Malaysia hits new high of 2,188 Covid-19 cases, with 74% from Selangor

Malaysia yesterday recorded 2,188 new Covid-19 cases, its highest daily figure ever recorded, with Selangor once again being the biggest contributor with 1,623 cases. To date, the total cases in the most populous state stood at 12,578. The spike of Covid-19 cases in Selangor came from the Teratai cluster — linked to Top Glove Corp Bhd’s worker dormitories — with 1,511 cases, according to Health director-general Tan Sri Dr Noor Hisham Abdullah. Sabah came in at second place with 232 cases, followed by Perak with 112 cases. Currently, 112 patients are being treated in intensive care units, with 49 of them needing respiratory assistance. Four more deaths were recorded, bringing the total deaths so far to 341. Malaysia’s total cases soared to 58,847, from just 31,548 as of Oct 31. (The Edge)

Elon Musk overtakes Bill Gates to grab world’s second-richest ranking

Elon Musk’s year of dizzying ascents hit a new apex on Nov 23 as the Tesla Inc co-founder passed Bill Gates to become the world’s second-richest person. The 49-year-old entrepreneur’s net worth soared US$7.2bil (RM29.45bil) to US$127.9bil (RM523.17bil), driven by yet another surge in Tesla’s share price. Musk has added US$100.3bil (RM410.28bil) to his net worth this year, the most of anyone on the Bloomberg Billionaires Index, a ranking of the world’s 500 richest people. In January he ranked 35th. His advance up the wealth ranks has been driven largely by Tesla, whose market value is approaching US$500bil (RM2.05 trillion). Musk’s milestone marks only the second time in the index’s eight-year history that Microsoft Corp co-founder Gates has ranked lower than number two. He held the top spot for years before being bumped by Inc founder Jeff Bezos in 2017. The year has been a lucrative one for the world’s richest people. Despite the pandemic and widespread layoffs that have disproportionately affected the world’s working class and poor, the members of the Bloomberg index have collectively gained 23% – or US$1.3 trillion (RM5.32 trillion) – since the year began. (The Star Online)

Elon Musk
(Source: Forbes)

IRB CEO: Govt should consider introducing capital gains tax

Malaysia should consider implementing the capital gains tax, instead of the inheritance tax, said IRB CEO Datuk Seri Sabin Samitah. He said that while decisions to introduce new taxes lie with the government, it should look at implementing the capital gains tax as the inheritance tax may not have much impact on government revenue given its narrower structure. He noted that people in wealthier income brackets are more likely to have capital income, compared to those in lower-income groups. As such, revenue gained from such a tax can be used to address poverty and income inequality. Sabin explained that Malaysia’s existing tax structure base is already quite narrow as it is reliant on corporate income tax, personal income tax and petroleum tax, which has seen a slight drop due to oil price volatility. He also pointed out that tax planning and evasion are enabled in the absence of the capital gains tax. Sabin added that capital gains tax is important when it comes to taxation on cryptocurrency, intangible and other digital assets in the future. It would also help resolve issues related to the Real Property Gains Tax (RPGT), namely disputes concerning the categorisation of gains on property and valuation of shares in real property companies, he added. (The Edge)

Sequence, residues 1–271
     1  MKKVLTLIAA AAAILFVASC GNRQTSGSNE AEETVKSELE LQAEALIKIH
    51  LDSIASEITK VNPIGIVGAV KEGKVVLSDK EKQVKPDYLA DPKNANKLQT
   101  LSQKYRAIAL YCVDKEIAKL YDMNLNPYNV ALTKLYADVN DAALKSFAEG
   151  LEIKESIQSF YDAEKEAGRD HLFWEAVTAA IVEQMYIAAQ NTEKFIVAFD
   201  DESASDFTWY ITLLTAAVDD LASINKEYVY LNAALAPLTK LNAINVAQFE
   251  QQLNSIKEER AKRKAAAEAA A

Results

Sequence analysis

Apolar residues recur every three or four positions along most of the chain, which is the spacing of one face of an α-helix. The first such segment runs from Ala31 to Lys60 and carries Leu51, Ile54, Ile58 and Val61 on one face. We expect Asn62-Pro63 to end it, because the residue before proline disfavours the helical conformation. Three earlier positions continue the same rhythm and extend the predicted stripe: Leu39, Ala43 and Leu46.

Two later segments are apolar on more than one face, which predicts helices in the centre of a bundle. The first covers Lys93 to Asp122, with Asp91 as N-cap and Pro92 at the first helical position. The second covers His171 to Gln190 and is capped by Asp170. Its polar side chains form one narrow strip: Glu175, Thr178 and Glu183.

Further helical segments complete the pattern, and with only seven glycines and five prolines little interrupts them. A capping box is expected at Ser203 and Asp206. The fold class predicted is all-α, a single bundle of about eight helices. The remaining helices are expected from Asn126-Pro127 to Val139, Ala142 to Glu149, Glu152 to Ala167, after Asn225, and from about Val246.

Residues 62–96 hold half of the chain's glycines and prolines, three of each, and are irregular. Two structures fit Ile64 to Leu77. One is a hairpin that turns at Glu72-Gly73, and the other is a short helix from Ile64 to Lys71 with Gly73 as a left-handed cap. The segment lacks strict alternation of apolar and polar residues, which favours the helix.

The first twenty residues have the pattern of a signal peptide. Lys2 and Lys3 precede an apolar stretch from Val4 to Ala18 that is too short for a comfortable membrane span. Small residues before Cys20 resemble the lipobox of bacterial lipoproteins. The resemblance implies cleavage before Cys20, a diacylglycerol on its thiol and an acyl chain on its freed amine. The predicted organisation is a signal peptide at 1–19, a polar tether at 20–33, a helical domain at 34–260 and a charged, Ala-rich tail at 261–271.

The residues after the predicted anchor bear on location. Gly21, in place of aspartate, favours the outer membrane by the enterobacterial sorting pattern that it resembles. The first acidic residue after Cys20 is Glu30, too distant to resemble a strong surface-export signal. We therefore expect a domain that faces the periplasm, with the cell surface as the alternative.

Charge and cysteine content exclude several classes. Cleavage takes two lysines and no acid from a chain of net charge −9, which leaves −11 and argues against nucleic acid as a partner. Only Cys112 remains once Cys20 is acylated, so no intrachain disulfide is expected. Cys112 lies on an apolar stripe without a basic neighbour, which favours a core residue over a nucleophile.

Putrajaya likely to delay vote on Budget 2021

Voting on Budget 2021 could be delayed a week from Thursday, said government sources. They told The Straits Times the government was considering postponing the crucial vote to December 1, ostensibly because several ministries have not responded to matters raised by federal lawmakers during debate in Parliament. It is understood the process is already behind schedule, in large part due to the shortened daily sittings after a Covid-19 scare in Parliament. The vote on Budget 2021 is critical due to the Perikatan Nasional government’s slender majority in the legislature. By convention, a rejection of the federal Budget is considered a successful vote of no-confidence against the ruling party and should be met by the resignation of the entire Cabinet. Since its tabling on November 6, both government and Opposition lawmakers have questioned the allocations and priorities in Budget 2021. Among their demands include an extended loan moratorium, increased withdrawals from statutory retirement savings, and larger cash handouts. (Malay Mail)

New wholesale market for KL end of next year

A new and modern wholesale market is expected to be completed in Kuala Lumpur by the end of next year. Kuala Lumpur City Hall (DBKL) will decide on the finer details for the wholesale market by year end. Federal Territories Minister Tan Sri Annuar Musa said the local authority would consider several suggestions and hoped to find other ways to finance the project instead of relying on government funds. “We need a new modern wholesale market that is not labour intensive and relies on mechanisation, ” he said without revealing the location. The market, he said, must include a spacious trading area for a greater variety of goods and not be confined to the sale of fruits, vegetables and fish. Speaking on the current wholesale market, he said it would remain and be upgraded. The Jalan Ipoh wholesale market has been undergoing transformation for a few months, primarily aimed at getting rid of foreign traders and workers as well as to clean-up its image while giving it a brighter appeal. The minister said workers were required to use uniforms to identify them based on their area of trade. (The Star Online)